• jayrig5

      Flawed for sure, although a player who hits .280/.349 is still more valuable than a player who hits .180/.349.

      • Cubbie Blues

        Yes, but that players numbers would be higher across the board.

      • Senor Cub

        @Jay – non-sense, Kottaras .180 will fit right in with the rest of this team.

        • CubbiesOHCubbies

          Not only will he fit right in, he may be batting fifth…… Crap it’s gonna be a long ass season. C’mon trade deadline???

      • Norm

        But what about projecting forward? Is he TRULY a 180 hitter, or did he have a down year?
        Even if the 180/350 hitter only hits .215 next season, that might move his OBP up to about 385. It isn’t as likely that the 280/349 hitter will get there.

        Looking back, sure, you take the 280/349 guy. But looking forward? Whole ‘nother story.

        • MichiganGoat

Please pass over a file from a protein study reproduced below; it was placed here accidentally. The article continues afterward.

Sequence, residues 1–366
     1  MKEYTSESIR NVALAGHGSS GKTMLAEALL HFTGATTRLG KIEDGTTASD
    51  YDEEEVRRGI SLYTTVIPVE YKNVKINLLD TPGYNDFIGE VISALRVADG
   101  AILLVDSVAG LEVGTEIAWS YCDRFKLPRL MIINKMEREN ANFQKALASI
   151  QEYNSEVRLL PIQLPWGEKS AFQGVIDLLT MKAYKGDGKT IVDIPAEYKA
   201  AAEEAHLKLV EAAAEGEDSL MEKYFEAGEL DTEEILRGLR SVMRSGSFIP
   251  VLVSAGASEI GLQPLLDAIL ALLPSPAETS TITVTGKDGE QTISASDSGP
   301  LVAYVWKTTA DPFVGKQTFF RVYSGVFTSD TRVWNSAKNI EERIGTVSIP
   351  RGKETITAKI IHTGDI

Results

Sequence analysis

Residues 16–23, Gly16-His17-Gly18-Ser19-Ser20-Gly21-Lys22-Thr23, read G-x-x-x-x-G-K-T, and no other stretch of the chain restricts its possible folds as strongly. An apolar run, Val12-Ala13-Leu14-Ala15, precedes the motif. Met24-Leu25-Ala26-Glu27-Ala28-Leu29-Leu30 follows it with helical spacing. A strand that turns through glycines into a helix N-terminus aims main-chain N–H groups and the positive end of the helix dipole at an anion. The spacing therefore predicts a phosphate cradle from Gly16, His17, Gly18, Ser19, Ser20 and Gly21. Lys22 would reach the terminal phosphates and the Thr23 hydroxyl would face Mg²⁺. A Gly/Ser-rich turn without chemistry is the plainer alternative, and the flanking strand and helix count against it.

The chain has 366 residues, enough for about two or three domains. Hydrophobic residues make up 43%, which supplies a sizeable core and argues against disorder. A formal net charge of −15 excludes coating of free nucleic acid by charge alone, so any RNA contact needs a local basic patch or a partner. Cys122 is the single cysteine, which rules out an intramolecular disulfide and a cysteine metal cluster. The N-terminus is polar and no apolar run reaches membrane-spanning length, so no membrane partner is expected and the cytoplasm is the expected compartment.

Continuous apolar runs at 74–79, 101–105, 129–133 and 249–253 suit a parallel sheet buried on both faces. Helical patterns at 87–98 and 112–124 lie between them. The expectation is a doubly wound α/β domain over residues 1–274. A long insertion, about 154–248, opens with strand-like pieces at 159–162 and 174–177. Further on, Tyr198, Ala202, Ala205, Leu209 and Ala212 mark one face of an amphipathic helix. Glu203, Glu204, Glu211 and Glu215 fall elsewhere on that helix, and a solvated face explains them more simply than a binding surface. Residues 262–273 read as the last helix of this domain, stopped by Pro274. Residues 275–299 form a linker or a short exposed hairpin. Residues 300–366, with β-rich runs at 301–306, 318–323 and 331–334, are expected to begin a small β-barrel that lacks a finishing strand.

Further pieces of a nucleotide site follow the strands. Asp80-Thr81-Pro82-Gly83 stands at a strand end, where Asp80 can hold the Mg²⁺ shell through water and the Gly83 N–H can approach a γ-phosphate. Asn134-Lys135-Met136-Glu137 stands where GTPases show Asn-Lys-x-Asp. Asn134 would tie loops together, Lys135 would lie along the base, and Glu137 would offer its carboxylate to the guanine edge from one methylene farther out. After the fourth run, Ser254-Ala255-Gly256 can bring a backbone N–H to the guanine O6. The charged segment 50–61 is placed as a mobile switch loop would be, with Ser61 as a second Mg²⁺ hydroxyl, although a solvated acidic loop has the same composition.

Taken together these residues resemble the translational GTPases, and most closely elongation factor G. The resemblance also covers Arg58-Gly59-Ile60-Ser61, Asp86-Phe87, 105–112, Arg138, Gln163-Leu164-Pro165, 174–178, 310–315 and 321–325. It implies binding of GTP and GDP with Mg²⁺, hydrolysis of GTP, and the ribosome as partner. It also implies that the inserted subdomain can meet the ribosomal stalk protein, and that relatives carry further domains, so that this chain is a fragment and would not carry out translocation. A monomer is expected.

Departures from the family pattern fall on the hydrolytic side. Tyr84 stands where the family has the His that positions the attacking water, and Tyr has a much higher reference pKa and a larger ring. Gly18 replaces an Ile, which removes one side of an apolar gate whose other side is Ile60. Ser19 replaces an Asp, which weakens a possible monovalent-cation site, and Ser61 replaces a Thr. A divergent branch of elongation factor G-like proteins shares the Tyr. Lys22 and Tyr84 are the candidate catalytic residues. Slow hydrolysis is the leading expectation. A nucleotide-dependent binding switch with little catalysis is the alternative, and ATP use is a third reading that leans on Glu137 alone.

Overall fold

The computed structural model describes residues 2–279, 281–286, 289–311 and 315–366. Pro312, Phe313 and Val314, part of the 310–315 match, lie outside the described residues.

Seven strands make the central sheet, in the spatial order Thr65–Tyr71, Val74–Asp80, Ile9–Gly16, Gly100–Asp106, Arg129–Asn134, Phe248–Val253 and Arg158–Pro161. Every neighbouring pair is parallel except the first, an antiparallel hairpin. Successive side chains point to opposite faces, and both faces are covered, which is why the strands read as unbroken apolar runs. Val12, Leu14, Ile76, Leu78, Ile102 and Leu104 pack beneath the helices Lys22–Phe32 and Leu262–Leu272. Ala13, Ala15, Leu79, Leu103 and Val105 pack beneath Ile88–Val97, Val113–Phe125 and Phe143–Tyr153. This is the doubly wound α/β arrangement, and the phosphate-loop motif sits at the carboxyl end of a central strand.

A 280/349 catcher would be a very prized commodity and would not be DFA so you can’t really compare the difference but looking for a cheap backup catcher that can walk and have a OBP of 349 is much better than many of the other affordable back up options.

    • EQ76

      eh.. I don’t think AVG is all that flawed, it’s a good measurement of how good a hitter is at getting actual hits OBP tells a better overall story about getting on base.. no reason to hate the AVG stat when you can glean a lot from both. I think a .180 AVG and .349 OBP is more of a rarity than anything else.

      • MichiganGoat

        If the goal of a hitter is to get on base and not create an out why does how he get there matter? If your talking about the power of hits then SLG is a better way to measure but the goal is to get on base and not record an out so AVG really only matters because we have been following it for so long. Believing in the power of AVG leads to belief in RBI and both of these stats have wonderful replacements but we’ve just been so historically trained to believe AVG is the stat that matters- its just isn’t that good of a measurement.